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Tree lovers swarm Willie McTell Trail

Annual Arbor Day celebration held downtown

Temperatures were chilly, and a good breeze was blowing, but people still ventured out Saturday morning to enjoy the third annual Arbor Day Festival at Willie McTell Park.
    The festival, hosted by Keep Bulloch Beautiful and the Georgia Southern University Botanical Gardens, drew a crowd that grew as the day progressed, with visitors enjoying the sunny day, the refreshments and the educational activities along the linear park.
    The most popular table appeared to be where the Botanical Gardens offered a variety of free trees. Carolyn Altman, educational coordinator for the gardens, explained which trees would be best for visitors and offered information as she and others handed out young river birch, scarlet oak, red maple, green ash, dogwood and pine trees.
    Volunteers painted kids' faces, and helped them make pine cone bird feeders by smearing a concoction of lard, cornmeal and bird seed onto pine cones.
    Children made "family" trees, and twig picture frames while others played a guessing game at the Georgia Forestry Commission table.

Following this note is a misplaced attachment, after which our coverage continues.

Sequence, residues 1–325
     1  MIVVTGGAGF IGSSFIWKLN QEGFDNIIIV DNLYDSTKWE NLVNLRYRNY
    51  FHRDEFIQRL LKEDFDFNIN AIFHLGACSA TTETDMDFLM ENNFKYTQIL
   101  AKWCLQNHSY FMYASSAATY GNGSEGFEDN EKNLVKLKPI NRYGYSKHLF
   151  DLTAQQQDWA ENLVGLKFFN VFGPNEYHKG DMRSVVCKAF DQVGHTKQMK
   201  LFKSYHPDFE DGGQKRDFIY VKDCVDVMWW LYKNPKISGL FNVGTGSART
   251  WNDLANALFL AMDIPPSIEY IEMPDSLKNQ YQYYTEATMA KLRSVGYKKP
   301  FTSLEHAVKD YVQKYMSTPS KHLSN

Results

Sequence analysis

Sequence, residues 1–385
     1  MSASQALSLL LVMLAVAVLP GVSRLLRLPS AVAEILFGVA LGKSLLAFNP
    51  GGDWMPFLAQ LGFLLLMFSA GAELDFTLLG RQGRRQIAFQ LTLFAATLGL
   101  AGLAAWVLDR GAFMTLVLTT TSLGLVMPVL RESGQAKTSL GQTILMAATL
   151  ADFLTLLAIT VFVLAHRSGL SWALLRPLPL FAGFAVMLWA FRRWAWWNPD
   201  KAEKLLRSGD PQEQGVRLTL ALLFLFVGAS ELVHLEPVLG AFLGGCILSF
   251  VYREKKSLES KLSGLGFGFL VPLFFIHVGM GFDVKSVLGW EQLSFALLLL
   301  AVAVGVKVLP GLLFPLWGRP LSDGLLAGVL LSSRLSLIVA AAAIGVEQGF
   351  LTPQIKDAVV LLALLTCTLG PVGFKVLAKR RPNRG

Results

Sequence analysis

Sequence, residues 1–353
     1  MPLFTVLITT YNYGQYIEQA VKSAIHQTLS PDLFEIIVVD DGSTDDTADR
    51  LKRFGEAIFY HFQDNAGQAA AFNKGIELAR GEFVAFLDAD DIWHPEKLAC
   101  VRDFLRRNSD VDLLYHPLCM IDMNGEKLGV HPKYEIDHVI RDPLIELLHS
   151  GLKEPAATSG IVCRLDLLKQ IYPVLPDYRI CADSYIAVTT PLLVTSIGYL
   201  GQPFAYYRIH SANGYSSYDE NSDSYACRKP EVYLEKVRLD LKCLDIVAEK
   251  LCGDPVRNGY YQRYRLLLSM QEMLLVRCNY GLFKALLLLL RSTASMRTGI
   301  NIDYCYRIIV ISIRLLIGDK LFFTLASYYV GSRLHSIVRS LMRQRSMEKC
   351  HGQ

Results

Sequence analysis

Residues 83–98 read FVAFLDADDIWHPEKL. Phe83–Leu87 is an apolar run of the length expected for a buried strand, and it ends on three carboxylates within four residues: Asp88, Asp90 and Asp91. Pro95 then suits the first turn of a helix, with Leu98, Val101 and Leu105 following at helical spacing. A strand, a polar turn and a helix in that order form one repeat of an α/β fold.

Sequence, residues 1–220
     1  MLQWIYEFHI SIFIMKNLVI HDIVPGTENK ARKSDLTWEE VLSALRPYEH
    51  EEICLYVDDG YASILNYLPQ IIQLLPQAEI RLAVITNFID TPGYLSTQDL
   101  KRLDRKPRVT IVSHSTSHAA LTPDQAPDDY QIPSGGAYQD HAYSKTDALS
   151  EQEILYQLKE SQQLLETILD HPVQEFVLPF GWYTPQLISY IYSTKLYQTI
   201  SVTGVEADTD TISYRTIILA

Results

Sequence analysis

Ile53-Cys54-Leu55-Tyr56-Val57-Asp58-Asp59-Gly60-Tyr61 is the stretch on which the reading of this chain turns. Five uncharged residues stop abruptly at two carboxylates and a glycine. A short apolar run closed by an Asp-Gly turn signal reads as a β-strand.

It was an educational exhibit that helped people identify the pine and oak trees that grow locally, said Linwood McNure, ranger with the forestry commission. "It shows different trees, what they look like," and their leaves, needles and what the wood looks like when cut.
    Diane Harrell was dressed for the occasion with a sweatshirt decorated in trees, and earrings that were leaves with red ladybugs on them. She laughed as she admitted her reason for being at the festival - free trees.
    "I love trees," she said. She planned to line a driveway at her new residence with dogwoods, she said.
    At one table, Patrick Quinn, 6, and sister Maura Quinn, 8, were busy cutting and coloring paper to make finger puppets.
    Patrick said he was making a Christmas tree, but his favorite tree is an oak. He has one in his yard, and said oaks are his favorite because "I'm going to build a tree house."
    Maura said she prefers maple trees. "That's where you get maple syrup, and I love maple syrup," she said.
    Smoky Bear was also on hand, dancing his way down the pathway as he greeted and waved at visitors. McNure said the popular bear was with the Georgia Forestry Commission group and, as always, promoted fire safety and preventing forest fires.
    Volunteers cooked hot dogs and manned other booths as visitors roamed the area. Chris Short, intern with Keep Bulloch Beautiful, offered information about the organization as well as the chance to honor a loved one.
    "We have memorial trees," he said, displaying several metal plaques available. Interested parties could purchase a tree to be planted along the trail, commemorating a person of their choice.

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